Below you will find a diverse collection of samples from poetry to excepts from work planning documents.  Feel free to request pieces in full.
MASK IT: WIRED EMOTION [analysis of a critical design object]

Mask it!, the critical design object created by Jolien Govaerts, visualizes the increased disconnect in communication in instances external to technological communication.  The object provides direct and indirect users with instantaneous information from the user in an impersonal delivery; through colours associated with mood, whether it is true is subjective.  The impersonal delivery of complex human attributes demonstrates, according to Govaerts, the merging of technology and humanity. Mask it! makes impersonal communication visible in an attempt to encourage humanity to stay human, in particular societies dependent on electronic communication, in communities where internet culture and mannerisms are becoming part of physical interactions.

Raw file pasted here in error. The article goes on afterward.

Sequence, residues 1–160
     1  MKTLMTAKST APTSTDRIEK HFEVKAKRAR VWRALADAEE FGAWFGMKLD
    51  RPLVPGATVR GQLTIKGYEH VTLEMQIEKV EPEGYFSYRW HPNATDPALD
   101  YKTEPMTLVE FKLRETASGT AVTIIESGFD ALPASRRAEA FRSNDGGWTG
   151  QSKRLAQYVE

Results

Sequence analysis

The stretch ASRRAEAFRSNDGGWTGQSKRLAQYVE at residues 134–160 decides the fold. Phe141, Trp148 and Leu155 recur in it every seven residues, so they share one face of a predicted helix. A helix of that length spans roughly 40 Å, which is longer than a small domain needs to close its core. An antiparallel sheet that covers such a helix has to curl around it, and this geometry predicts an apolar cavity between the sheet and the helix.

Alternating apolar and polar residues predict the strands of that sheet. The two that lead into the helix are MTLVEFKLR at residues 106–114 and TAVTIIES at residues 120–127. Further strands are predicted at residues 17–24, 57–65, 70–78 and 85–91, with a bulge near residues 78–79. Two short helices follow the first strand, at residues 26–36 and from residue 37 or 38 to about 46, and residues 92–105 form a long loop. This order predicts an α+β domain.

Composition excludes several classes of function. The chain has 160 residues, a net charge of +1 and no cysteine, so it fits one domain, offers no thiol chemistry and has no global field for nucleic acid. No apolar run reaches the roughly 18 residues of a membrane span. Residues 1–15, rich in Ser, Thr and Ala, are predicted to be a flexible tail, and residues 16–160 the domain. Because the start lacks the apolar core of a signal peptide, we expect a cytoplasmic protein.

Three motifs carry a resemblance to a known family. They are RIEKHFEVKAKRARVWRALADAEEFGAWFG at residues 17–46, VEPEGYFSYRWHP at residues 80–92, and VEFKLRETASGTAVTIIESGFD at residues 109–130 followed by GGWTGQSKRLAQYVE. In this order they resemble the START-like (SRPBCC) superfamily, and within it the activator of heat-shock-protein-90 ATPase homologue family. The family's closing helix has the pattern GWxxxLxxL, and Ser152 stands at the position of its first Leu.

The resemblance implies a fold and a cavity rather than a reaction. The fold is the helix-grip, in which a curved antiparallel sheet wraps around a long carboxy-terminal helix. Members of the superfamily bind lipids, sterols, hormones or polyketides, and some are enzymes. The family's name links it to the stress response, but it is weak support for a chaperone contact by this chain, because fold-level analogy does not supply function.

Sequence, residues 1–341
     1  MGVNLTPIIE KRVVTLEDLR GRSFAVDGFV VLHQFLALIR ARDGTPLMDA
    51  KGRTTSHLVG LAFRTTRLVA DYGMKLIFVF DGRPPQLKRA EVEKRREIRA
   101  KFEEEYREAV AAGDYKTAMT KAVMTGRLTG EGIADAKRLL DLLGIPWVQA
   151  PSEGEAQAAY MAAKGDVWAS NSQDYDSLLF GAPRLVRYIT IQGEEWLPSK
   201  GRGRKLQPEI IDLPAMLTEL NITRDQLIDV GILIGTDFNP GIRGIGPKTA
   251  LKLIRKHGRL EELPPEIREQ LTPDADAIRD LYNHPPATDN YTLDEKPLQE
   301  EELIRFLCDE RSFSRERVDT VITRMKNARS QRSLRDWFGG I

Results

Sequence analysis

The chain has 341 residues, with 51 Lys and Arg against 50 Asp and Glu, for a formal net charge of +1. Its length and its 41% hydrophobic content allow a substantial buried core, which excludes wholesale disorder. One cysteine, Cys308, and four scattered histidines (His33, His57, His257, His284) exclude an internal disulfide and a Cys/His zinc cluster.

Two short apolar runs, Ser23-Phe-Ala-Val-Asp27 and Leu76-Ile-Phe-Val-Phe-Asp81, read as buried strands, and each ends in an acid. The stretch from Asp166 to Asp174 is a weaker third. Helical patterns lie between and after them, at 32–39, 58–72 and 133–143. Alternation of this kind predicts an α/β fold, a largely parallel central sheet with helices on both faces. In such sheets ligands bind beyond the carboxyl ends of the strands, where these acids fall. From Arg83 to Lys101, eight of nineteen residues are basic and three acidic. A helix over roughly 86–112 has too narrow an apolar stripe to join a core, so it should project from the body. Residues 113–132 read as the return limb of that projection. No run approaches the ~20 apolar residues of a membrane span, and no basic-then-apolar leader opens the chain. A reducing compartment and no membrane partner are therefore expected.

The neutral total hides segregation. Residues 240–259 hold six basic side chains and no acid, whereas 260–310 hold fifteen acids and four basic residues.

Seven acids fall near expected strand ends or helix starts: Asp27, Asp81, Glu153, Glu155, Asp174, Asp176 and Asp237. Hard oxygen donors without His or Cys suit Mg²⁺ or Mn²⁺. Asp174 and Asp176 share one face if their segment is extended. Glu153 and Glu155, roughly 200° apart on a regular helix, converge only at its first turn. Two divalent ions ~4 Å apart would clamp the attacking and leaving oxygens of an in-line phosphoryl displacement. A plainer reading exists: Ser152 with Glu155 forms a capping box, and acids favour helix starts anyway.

Govaerts compares colour to emotion in an attempt to simplify the complexity of human emotion.  The colours generally adhere to western understanding of emotion-colour association i.e., anger is red.  Other colours are chosen, presumably, for other reasons i.e., happy is green instead of yellow.  It is unstated by Govaerts why the colours were chosen for the selected emotions and if the emotion directory is finite.  With many people unable to distinguish small changes in colour it is presumed that the range is limited.

Mask It! by Jolien Govaerts seen below.

The mask worn with no emotion selected.

The user emitting the emotion anger.

Edgar Allan Poe: Emotional and textual information driven by the interrelationship of the terms death, grow, eye, and length in his short stories of 1890.
The ten short stories written by Edgar Allan Poe creates deeper emotional meaning and connection. By coding the textual surface into primary categories (death, eye, grow, and length) and secondary collocates of the primary the interaction of the elements are analysed; through using charts and figures the connection among the elements is heightened.